Comments gathered from the stakeholder feedback also included support for renting the space reserved for restaurants at a fair market rate, Perez noted, and should be limited to 500 square feet per restaurant.

Several respondents also wanted to see the roadway completely removed, accessibility to restrooms, improved lighting, and placement of trees. There were mixed feelings about public performances on the Promenade, but most agreed that they should occur at different areas rather than one fixed location.

The development of the concept plans will include public outreach with the community to collaborate on thoughts and inspiration that will help guide the design and vision forward, staff noted.

The next step will be the first community meeting, which staff suggested to be held in late July or early August. There was some discussion about the timing, as many residents are away on vacation during the summer. Ultimately, most council members agreed to direct staff to host the first meeting after Labor Day.

Kempf suggested starting the outreach meetings in September, since so many residents travel during the summer. 

“It’s an imperfect world we’re living in, not everybody is going to be available,” Kempf said. “Let’s just try to make our best effort to get it in when we’re not in the holidays and after school starts.”

There will criticisms about any date they select, noted Councilmember Peter Blake. In September, people will complain about interfering with the school calendar. In November, there will be conflicts with the holiday season, he said.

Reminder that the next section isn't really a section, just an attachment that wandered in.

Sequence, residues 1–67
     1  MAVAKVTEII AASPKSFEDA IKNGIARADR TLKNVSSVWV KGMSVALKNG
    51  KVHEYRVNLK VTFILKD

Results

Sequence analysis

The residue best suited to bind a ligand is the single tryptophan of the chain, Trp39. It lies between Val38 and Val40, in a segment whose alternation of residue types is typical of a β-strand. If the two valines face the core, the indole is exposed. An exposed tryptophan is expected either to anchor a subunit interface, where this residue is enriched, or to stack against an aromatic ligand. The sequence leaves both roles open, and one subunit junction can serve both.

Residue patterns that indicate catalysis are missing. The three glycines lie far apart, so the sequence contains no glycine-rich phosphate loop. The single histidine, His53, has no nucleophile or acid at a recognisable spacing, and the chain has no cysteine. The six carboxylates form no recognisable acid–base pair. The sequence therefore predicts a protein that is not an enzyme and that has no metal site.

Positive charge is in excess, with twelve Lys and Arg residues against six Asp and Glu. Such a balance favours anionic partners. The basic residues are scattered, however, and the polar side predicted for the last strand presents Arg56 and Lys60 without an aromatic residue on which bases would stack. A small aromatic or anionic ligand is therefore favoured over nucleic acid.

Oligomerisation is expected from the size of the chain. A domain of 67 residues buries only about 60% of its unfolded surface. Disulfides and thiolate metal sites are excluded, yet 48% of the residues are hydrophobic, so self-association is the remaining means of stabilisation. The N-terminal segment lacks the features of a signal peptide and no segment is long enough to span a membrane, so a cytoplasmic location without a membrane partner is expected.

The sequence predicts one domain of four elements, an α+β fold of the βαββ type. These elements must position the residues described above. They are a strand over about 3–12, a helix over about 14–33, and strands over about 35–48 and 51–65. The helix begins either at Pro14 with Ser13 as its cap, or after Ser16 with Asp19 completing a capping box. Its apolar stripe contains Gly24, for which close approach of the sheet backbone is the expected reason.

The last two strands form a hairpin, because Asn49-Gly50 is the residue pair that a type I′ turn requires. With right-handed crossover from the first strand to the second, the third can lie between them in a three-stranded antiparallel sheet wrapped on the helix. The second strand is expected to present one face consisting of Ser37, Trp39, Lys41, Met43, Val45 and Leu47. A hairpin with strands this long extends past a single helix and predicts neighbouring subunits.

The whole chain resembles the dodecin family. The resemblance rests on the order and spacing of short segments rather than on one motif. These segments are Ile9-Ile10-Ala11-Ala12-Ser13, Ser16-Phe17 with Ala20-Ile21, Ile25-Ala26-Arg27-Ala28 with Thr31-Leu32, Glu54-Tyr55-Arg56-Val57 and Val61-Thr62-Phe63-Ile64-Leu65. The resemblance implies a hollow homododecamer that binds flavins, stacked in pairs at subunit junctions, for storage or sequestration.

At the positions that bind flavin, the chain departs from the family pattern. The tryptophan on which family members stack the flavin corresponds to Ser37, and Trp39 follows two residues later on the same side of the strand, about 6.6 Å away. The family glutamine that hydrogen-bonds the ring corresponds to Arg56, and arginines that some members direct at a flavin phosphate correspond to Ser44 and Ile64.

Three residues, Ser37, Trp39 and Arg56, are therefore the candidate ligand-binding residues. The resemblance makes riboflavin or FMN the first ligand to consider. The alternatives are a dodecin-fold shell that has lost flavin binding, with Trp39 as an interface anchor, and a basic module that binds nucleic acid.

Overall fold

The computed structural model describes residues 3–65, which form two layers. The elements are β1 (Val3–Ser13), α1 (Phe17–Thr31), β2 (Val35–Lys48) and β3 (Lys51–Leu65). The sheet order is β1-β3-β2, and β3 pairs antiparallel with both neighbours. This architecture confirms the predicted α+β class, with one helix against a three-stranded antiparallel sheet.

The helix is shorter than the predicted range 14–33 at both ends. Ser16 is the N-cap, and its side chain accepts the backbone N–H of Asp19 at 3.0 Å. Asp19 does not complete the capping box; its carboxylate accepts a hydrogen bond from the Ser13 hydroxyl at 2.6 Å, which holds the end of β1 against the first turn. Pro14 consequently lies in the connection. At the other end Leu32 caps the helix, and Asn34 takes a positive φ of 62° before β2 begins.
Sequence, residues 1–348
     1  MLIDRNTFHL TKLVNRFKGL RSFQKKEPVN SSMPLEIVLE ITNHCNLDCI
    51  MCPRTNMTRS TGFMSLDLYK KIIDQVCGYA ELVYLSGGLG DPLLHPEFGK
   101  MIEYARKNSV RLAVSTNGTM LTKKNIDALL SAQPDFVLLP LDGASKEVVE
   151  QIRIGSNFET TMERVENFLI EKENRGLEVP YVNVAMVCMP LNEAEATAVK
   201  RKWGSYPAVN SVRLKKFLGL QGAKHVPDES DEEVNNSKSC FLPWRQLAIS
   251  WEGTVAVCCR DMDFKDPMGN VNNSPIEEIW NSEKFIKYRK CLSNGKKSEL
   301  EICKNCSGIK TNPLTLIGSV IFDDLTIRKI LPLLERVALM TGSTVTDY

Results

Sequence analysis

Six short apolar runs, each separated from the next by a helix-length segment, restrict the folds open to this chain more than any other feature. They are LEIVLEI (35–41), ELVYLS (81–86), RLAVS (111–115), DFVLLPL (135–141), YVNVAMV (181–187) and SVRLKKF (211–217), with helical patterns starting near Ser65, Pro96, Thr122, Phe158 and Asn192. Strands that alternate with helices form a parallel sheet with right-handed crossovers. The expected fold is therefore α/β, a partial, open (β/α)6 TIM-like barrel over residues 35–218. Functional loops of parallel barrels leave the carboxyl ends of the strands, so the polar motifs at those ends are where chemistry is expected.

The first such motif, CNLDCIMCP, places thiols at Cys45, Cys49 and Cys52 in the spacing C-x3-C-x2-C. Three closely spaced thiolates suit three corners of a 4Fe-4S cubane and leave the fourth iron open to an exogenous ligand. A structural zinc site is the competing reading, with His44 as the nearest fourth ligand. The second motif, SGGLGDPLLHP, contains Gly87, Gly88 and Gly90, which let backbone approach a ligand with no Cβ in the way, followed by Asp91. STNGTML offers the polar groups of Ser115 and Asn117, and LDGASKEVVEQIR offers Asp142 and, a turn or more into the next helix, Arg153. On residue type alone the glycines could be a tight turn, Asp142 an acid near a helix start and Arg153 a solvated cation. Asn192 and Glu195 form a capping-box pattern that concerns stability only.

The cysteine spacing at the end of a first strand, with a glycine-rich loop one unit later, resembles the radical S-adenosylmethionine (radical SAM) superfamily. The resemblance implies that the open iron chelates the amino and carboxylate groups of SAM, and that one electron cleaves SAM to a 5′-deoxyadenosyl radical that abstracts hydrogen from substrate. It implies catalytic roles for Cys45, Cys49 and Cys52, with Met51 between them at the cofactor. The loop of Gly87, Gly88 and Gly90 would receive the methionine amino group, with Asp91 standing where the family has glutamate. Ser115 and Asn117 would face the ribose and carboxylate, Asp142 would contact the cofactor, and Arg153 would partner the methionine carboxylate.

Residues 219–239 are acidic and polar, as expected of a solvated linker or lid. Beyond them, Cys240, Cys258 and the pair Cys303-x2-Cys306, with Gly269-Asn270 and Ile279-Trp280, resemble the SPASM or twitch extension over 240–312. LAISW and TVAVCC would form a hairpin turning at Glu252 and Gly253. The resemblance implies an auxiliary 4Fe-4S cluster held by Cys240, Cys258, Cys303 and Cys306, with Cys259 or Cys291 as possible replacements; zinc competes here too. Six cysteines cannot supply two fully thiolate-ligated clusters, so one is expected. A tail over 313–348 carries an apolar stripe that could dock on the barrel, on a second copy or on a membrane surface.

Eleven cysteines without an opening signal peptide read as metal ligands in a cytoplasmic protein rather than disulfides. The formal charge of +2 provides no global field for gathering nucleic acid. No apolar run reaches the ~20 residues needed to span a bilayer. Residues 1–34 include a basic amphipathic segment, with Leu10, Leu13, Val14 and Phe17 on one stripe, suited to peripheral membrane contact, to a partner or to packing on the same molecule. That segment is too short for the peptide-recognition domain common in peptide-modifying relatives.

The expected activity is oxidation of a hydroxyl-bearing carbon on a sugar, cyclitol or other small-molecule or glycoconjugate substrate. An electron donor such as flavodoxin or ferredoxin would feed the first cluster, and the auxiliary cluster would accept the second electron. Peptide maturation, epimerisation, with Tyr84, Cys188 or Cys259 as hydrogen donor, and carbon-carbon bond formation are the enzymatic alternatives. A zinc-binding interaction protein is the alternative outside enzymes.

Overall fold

“I don’t want to wait,” Blake said. “Let’s get this thing started.”

The first community meeting could happen in August or September, Hannegan said, but the further into fall they go they have to “hopscotch around holidays.”

Although, even if the second meeting is after the holidays it would still work out, Hannegan confirmed. That would give them time to work on the concepts and input ideas from the first community meeting without feeling rushed, he said.

“We really want to hear from them,” Hannegan said. “We want to hear about what they think about the different options and really tune in into it, that’s what’s going to make this successful.”

Council moves forward promenade and people

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Photo by Mary Hurlbut

Council members noted that many people have embraced the Promenade since the pandemic

There was also some concern during public comment about dismissing community input and not considering residents as stakeholders. It’s important that everyone is represented, noted Jacob Cherub. More input means a better project, he said. 

But Blake cautioned staff on what might be a “tsunami” of unrealistic comments and urged the experts to do what they do best by making the Promenade unique and well planned.

“Don’t let anybody get in the way of doing something really special,” he said.